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Desert Biological ResearchContributes to Several Biological Sciences

Desert research and the notion of convergent evolution

Being an environment as remote as imaginable from the aquatic origin of life, deserts attracted early life scientists eager to uncover the adaptations of desert organisms to this challenging setting. These endeavours had a profound impact on the disciplines of evolutionary biology, physiology and ecology. Regarding evolution, it was found that both desert annual plants and sedentary animals respond with extremely rapid growth to the short bouts of resource abundance, and by quiescence of life processes during the intervening long periods of shortage (Philippi 1993), whereas both perennial plants (Cabin and Marshal 2000) and mobile animals survive periods of low resource abundance by either moving to more favourable areas (animals), or by physiological means such as suppressing resource allocation to temporarily less important activities (plants). That groups with such different evolutionary ancestry as plants and animals display similar adaptations to the extreme and random fluctuations in resource availability convinced biologists that, in the living world, divergent genetic makeups have the potential to generate convergent solutions to a wide array of environmental challenges and selection pressures (Smith and Wilson 2002) (see also "Biological Adaptations to Aridity" in Chapter 1).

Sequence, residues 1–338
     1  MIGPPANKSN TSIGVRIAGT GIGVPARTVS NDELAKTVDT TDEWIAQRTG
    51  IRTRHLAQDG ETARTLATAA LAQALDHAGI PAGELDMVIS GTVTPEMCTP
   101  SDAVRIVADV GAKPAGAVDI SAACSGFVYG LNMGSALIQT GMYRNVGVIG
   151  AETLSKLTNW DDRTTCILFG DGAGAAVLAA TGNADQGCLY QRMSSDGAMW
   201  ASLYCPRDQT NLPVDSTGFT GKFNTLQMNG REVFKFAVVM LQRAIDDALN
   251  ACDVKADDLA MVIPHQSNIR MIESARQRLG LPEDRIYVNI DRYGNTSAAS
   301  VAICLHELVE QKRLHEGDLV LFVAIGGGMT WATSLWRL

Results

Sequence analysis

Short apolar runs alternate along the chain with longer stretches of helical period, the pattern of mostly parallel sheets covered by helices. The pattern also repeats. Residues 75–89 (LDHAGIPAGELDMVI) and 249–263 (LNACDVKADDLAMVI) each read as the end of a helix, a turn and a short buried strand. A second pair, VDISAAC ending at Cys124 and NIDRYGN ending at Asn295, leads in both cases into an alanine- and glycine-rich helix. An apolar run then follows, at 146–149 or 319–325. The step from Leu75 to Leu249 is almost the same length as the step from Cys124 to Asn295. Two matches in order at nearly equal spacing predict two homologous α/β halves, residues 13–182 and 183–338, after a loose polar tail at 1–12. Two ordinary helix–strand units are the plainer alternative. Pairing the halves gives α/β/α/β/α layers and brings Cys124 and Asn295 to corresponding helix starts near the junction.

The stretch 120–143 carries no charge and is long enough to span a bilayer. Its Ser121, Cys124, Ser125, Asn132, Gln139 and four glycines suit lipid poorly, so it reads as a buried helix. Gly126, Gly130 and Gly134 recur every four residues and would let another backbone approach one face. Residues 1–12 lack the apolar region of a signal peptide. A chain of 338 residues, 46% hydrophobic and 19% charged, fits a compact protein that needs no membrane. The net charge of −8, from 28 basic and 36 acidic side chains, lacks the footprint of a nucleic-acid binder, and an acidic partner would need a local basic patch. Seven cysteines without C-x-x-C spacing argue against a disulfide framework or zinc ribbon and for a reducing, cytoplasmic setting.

Desert physiological adaptation as a model for life under stress

Desert research revealed that physiological adaptations enable mammals and birds to live in environments where water is limiting and temperatures are high, while human adaptations are exclusively behavioural and cultural. This prompted researchers to study the physiological responses of humans to desert conditions. These studies demonstrate the potential of people to acclimatize, rather than adapt, to stressful conditions (Shkolnik and others 1980). The fact that humans and their livestock do live in deserts has also compelled physiologists to examine the deleterious effects of high temperatures, chronic dehydration and food shortages on humans, and on the animals they domesticated due to their ability to live in deserts, such as camels (Schmidt- Nielsen and others 1967), goats, and donkeys (Izraely and others 1989).

What determines the number of links in a food chain? - A desert insight

Two features make deserts ideal for ecological research. The low plant cover enables one to easily explore animal activity either directly, or indirectly, by observing the tracks they leave on the bare soil surface. More importantly, since in deserts only one major factor, precipitation, governs ecological processes, and since the number of species in deserts is relatively low and the sizes of their populations are small, the desert ecosystem appears simpler, hence easier to understand than other ecosystems. These features encouraged the use of deserts as an outdoor laboratory, where hypotheses and theories developed in non-desert environments lend themselves to testing.

For example, a prevailing notion that evolving specializations for partitioning a limiting resource enables many species to avoid competition and coexist, thus leading to high diversity, is challenged by the finding that annual plants and darkling beetles (the blackish beetles of the family Tenebrionidae) exhibit high diversity in deserts, but subsist on resources not amenable for partitioning; since soil moisture is restricted to its thin top loayer, the coexistence of so many annual plant species cannot be attributed to each of them drawing water from a different depth. Similarly, the rather physically and chemically homogenous plant litter cannot be partitioned and is indiscriminately consumed by all darkling beetles. This desert observation supports the notion that species diversity can be maintained not only by competition that generates specialization, but also by predation (Ayal and others 2005).